Bulgaria's economic freedom is hampered by still-low judicial effectiveness and government integrity and the country is barely clinging to the 'mostly free' status, U.S.-based think-tank The Heritage Foundation said.
In order for Bulgaria to improve its overall economic freedom, the government will have to implement reforms addressing the additional deficiencies that are reflected in the country’s judicial effectiveness and government integrity scores, The Heritage Foundation said in the latest issue of its Index of Economic Freedom published earlier this week.
According to The Heritage Foundation, the judiciary remains one of Bulgaria’s least trusted institutions, and allegations of nepotism, corruption, and undue political and business influence are widespread. Higher-level corruption, particularly in public procurement and the use of EU funds, is likewise widespread, the think-tank added.
However, Bulgaria climbed one place to the 35th spot out of 178 countries for which data is available in the 2021 Index of Economic Freedom. The country's overall economic freedom score rose by 0.2 points to 70.4, primarily due to an improved tax burden score, The Heritage Foundation said.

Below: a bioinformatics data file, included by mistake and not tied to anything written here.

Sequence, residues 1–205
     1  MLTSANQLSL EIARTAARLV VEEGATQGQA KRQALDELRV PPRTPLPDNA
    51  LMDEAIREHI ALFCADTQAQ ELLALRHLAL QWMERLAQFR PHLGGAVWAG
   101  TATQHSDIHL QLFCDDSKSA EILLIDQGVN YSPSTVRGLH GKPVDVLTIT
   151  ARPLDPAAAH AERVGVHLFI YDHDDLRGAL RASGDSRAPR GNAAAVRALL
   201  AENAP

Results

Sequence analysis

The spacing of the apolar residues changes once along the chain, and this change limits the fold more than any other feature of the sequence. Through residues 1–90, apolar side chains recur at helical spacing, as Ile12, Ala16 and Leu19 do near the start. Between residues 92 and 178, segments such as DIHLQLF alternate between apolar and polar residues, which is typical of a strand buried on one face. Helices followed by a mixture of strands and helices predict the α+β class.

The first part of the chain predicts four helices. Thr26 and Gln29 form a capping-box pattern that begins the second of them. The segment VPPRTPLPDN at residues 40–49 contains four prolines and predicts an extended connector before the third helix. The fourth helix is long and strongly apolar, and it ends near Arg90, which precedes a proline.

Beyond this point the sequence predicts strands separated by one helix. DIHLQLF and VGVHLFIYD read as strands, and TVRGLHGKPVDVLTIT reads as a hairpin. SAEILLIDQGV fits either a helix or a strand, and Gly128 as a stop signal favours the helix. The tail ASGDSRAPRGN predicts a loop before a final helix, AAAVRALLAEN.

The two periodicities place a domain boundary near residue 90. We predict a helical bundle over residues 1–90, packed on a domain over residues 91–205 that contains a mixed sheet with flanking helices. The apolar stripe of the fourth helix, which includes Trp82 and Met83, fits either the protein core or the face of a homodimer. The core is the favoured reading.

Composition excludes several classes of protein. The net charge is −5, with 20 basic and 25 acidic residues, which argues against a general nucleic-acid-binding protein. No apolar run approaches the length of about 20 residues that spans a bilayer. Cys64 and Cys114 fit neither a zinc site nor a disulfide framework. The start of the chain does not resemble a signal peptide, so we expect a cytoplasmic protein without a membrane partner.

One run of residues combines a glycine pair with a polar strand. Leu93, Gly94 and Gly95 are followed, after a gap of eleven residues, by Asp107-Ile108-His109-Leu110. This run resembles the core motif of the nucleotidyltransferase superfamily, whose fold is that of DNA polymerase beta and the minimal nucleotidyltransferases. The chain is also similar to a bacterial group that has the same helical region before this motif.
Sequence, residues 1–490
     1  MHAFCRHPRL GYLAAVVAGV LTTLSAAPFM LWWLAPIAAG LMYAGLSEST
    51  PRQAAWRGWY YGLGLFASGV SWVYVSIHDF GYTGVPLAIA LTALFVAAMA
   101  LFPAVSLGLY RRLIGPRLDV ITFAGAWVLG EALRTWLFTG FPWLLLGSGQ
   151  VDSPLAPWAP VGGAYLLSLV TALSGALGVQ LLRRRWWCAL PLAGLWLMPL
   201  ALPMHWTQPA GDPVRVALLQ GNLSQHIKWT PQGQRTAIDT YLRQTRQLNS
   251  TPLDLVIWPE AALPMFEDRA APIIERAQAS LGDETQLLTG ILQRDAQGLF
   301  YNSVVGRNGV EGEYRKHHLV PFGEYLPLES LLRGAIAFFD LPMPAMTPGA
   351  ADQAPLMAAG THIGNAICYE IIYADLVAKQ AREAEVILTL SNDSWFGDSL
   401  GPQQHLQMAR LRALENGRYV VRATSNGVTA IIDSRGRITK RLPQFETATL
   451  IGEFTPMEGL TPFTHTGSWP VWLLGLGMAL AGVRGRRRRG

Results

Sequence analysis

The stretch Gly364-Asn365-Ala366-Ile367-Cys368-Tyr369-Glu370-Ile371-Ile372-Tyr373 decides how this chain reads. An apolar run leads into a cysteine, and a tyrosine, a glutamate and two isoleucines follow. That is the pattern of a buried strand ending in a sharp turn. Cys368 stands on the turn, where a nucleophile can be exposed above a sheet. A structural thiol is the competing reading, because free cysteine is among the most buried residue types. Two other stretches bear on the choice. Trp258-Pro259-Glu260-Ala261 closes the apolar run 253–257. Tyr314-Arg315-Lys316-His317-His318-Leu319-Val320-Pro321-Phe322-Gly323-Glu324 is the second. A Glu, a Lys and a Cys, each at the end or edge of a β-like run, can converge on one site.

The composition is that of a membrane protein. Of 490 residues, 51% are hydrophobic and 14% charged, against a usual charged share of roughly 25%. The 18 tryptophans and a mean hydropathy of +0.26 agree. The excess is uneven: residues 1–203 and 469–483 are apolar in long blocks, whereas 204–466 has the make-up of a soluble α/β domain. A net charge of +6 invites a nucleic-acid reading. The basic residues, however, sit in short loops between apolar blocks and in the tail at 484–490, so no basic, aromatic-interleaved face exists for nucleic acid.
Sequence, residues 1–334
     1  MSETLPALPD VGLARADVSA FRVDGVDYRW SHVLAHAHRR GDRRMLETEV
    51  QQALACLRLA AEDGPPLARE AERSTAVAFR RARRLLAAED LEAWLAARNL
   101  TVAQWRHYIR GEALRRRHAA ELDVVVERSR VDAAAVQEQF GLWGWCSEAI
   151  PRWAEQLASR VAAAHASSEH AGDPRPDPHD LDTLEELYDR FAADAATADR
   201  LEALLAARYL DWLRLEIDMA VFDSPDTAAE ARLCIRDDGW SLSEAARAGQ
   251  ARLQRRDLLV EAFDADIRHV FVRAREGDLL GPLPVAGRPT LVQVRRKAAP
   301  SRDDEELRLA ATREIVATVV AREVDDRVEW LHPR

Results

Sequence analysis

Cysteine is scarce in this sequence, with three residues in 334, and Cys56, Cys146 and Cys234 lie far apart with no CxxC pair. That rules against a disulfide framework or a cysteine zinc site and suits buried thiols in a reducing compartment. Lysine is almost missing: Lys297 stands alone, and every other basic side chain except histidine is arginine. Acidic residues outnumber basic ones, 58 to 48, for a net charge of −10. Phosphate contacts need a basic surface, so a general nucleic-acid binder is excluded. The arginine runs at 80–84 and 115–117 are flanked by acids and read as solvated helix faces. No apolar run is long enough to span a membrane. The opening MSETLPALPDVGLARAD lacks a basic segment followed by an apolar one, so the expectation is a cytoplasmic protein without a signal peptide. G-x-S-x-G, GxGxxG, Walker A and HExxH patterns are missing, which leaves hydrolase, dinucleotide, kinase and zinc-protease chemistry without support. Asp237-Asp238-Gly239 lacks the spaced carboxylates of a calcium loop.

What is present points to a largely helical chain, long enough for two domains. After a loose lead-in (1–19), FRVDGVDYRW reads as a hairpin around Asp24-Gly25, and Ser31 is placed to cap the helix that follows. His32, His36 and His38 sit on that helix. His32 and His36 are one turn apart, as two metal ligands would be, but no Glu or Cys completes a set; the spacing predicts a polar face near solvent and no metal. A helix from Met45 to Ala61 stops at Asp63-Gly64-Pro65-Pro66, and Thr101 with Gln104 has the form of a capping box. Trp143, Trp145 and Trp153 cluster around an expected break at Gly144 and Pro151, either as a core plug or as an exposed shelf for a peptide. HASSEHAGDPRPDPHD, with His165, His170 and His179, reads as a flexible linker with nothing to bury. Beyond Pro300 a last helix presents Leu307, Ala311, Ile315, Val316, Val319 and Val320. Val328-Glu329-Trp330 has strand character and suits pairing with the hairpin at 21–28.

Bulgaria is ranked 20th among 45 countries in the Europe region, and its overall score is above the regional and world averages, the think-tank added.
The index measures economic freedom in 12 areas - from property rights to entrepreneurship - through 12 quantitative and qualitative factors, grouped into four broad categories: rule of law, government size, regulatory efficiency and open markets.
Bulgaria performed best in the size of government category, with its highest scores in the tax burden indicator. The overall tax burden equals 20.2% of total domestic income, while public debt is equivalent to 20.4% of GDP.